February 16th, 2010

Red Room: I Am Whatever I Say I Am

In 5 Words: List, Exclusive, Red, Mash-Up, Masquerade

“I’m having a party and you’re going to be there,” is much less a request for an RSVP than it is a demand. Considering the source, it should even be taken as a threat. Being the social recluse that I pretend to be, I can still put up a deferential fight. The joy of appearing aloof 84.7% of the time is that I can usually appear to agree with something without ever committing to the affirmative.

“What kind of party are you having?” is my first of a long line of questions meant to confuse and distract Afrodet, who is extending the invitation/demand.

“It’s a masquerade party. You are dressing up. It will be at Red Room.”

And that was that. In fewer than twenty words, I had been forced into a situation in which I never dreamed I would take part. Now, dressed in a suit, a mask concealed in the jacket pocket, and less than a full magazine of confidence, I’m turning left on Virginia St. from Westheimer hoping I don’t like this place too much.

Deciding to skip the valet – I figure that I’ll be paying out the nose for booze – I park on the corner of Ferndale and Kipling. I feel ill-prepared. The most I’ve heard about Red Room is its exclusivity and that the inside looks like “Louis XIII took a shit and smeared it everywhere.” Those are two things that usually keep a bar out of my periphery, let alone my ultimate quest. Yet, here I am, touting a much too large camera and a pocket-sized notebook, approaching the door to see if I’m on the dreaded list.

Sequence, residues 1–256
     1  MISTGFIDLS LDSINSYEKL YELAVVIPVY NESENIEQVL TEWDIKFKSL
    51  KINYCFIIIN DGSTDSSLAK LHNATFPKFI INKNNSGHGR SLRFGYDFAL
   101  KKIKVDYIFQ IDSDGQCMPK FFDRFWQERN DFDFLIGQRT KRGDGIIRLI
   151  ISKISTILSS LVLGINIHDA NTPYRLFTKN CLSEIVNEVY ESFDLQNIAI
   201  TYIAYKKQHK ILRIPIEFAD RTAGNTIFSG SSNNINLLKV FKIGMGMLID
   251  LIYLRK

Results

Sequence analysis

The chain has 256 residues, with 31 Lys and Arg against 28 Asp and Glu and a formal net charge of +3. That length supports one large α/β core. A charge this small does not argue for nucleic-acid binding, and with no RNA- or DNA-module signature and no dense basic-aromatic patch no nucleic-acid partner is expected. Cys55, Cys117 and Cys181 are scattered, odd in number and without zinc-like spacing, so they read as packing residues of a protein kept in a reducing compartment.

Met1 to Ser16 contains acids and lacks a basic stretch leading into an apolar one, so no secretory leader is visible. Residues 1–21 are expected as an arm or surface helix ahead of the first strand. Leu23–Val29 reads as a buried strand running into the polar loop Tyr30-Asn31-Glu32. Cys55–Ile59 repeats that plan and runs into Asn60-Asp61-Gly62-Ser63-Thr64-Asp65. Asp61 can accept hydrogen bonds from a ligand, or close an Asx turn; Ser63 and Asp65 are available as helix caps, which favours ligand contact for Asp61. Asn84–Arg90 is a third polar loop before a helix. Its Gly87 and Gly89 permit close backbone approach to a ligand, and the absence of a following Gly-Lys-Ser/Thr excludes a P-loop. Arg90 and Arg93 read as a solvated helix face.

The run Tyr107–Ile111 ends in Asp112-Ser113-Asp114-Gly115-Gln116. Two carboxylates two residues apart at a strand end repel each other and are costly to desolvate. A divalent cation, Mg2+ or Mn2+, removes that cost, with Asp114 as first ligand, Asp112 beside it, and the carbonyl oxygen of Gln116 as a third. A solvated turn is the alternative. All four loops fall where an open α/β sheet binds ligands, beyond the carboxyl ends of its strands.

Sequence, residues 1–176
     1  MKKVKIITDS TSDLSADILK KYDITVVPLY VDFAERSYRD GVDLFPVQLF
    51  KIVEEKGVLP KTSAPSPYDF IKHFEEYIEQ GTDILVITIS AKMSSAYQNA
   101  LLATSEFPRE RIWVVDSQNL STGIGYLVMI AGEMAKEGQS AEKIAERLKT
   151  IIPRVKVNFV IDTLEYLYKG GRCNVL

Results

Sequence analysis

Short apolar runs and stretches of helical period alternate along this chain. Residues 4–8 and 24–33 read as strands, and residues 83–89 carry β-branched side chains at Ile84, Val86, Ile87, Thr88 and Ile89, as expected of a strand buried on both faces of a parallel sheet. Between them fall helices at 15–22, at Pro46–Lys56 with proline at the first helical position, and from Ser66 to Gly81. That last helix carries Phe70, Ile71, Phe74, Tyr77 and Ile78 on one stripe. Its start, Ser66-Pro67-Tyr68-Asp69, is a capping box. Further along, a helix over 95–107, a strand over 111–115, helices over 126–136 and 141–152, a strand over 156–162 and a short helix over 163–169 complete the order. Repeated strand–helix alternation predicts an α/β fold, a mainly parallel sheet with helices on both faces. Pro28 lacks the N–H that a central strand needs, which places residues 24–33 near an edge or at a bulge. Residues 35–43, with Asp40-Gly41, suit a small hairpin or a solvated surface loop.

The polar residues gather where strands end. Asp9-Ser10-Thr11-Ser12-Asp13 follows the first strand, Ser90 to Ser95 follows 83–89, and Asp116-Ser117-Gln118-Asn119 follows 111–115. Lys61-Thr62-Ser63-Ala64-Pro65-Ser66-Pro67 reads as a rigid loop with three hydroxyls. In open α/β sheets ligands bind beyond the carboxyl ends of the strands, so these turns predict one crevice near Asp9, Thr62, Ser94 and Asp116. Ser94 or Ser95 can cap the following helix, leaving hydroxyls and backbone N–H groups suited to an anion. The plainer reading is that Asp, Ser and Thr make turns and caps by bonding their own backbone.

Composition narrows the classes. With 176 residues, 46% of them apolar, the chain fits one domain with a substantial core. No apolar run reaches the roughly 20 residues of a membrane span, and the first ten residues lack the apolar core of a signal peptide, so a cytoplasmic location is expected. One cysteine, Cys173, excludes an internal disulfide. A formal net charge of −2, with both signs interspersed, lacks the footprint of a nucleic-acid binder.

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The clichè doorman stands guard at the gate, which opens up to a courtyard of smokers and and their companions taking a break from the scene inside. A dozen people stand outside the gate, trying to convince the bouncer that they belong inside. I’m of another ilk. The thought of selling my spot on the list flashes in my head. $50 could buy me a lot of Lone Star elsewhere. It would also lead to a major headache – or, more appropriately, a major pain in the ass – if I don’t walk in this door.

“I’m on the list… under ‘Afrodet,’ I think,” I tell the man with the clipboard.

He takes a look, makes a hash mark, and allows me entry without saying a word.

Red Room is an exercise in “perception is reality.” You’re only as exclusive as you make yourself out to be. The economies of club life lead you to imply demand by limiting the supply and promising a tremendous product. Adam Smith would be proud. Then again, so might Bernie Madoff.

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I walk in the door and head up the stairs, noting the laid back atmosphere of the room on the first floor, which is in stark contrast to the raucous crowd upstairs, audible before I take the first stair. This area may prove to be an effective retreat later.

Upstairs, I meet exactly what I most fear: An immovable sea of people – some waiting for drinks, other trying to make conversation with potential hook-ups, and a contingent of dancers unaware of anything but the beat – is situated between me and my goal of a drink.

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Slipping through cracks of humanity, pushing gently where I need to, it only takes me a minute to find my way to the small bar. For the amount of people here, it doesn’t seem like there is nearly enough bar space to accommodate everyone.Then again, if I were concerned about the rest of the patrons, I would have visited my group of friends before the bartender.

I order the only drink fit to be sipped while wearing a suit: Scotch, neat. A single malt classes up any affair, but when you’re attire is already out-classing you, you have to make sure to play “catch up.” They have a decent selection behind the bar and I pick out a Dalwhinnie 15 year. I hand my card over to the bartender, not wanting to know how much I’m spending up front. It’s easier to cope with your alcoholic transgressions at the end of the night, when you’ve had a few drinks to ease the pain.